I have been working on the shadow box for my eldest son's birthday this week with mixed success. This is the first time I have attempted a project like this so I decided to use it as a practice for using paperclay because the area was small enough to hide any boo boos.
I started with the basic idea of the back wall and four sides. The back wall was to represent a stone wall in Hogwarts with six floating shelves for my mini Potter dolls. I marked out the frame inset on the shadow box back and rolled out the paperclay in batches fitting it into the square.
The clay was very easy to manipulate and joined together well with a little pressing and moulding by hand. You have to use glue to adhere the clay to a clean surface, it will not simply stick on its own.
To get a brickwork effect I used a very useful tool from Malcolm's Miniatures which gave me the basic structure without too much effort. To give the clay a slightly rougher look I used a stencil brush on each brick, just gently pressing into the clay.
I had already prepared the shelves and cut out a strip of clay and glued them into the clay.
So far so good, now I knew I had to wait for it to dry......
In the meantime I prepared the four walls. Two I covered in wallpaper I had left over from The Leaky cauldron. One I covered with left over ceiling paper and the fourth I painted grey and then used some roofing tiles to create a cobble-stoned effect for the floor.
......and I continued to wait for the clay to dry. I must admit this drying time was a complete surprise, it takes ages!! I knew I had to wait for the clay to dry completely cos everyone states do not attempt anything at all until the clay is dry.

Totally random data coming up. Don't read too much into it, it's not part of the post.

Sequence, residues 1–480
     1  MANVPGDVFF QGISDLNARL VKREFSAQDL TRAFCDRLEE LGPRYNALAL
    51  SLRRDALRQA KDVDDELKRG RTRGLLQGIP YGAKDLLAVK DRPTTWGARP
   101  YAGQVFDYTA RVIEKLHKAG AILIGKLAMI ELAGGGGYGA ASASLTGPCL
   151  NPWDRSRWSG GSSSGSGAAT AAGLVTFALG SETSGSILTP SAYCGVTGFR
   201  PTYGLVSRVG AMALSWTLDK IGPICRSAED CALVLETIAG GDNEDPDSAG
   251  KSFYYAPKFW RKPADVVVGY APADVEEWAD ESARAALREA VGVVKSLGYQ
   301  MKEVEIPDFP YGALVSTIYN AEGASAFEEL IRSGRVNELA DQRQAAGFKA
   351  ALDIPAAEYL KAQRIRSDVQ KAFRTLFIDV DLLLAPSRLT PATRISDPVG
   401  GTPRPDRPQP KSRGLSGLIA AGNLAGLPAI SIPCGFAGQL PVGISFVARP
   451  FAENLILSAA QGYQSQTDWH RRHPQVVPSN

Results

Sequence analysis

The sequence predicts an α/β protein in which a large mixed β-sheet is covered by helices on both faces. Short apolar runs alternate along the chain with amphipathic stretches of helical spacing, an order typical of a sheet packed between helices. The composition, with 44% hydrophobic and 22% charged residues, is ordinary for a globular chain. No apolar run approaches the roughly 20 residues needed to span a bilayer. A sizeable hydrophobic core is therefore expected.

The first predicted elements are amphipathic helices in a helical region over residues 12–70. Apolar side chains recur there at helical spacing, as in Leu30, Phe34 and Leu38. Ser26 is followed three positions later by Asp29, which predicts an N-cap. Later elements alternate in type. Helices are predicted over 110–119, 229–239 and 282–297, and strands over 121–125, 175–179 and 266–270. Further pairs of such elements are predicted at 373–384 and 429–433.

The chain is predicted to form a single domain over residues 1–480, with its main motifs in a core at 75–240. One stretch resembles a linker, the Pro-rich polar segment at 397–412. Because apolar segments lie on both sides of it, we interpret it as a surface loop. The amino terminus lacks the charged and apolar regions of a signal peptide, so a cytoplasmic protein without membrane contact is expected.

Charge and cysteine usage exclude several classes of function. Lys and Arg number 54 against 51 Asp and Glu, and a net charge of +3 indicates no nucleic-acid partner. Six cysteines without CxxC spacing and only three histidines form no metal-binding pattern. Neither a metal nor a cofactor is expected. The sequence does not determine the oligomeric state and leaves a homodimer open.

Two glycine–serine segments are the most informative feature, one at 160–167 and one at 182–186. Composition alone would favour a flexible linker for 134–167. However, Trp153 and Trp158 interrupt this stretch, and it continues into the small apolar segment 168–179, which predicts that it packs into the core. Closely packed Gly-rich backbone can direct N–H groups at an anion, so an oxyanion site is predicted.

And as it dried, it cracked, lots!
The biggest problems occurred where I had placed the shelves. Huge great cracks. The others didn't worry me too much because they would improve the weathered look. I also had to weigh down the edges as the backing began to bow as the clay dried.
All in all it has taken about three days to dry completely.
I filled in the really bad cracks with ordinary polyfilla, which smoothed out most of the problem but if this had happened on one of my houses I would use a more creative repair method.
I have painted the grout marks in so far. I have made these quite dark as they may become paler as I add additional colour washes.
Here the texture of the brickwork can be seen a little better. including a rather large crack before filling!
I removed a lot of the grey paint with a baby wipe as I went along which somehow transferred itself onto the clay and has accidentally provided me with a very effective start off wash!
All in all its not come out too badly. I now have to fit it all together, finish the colouring of the bricks, add some slime and greenery, make some aged labels, fix any more cracks......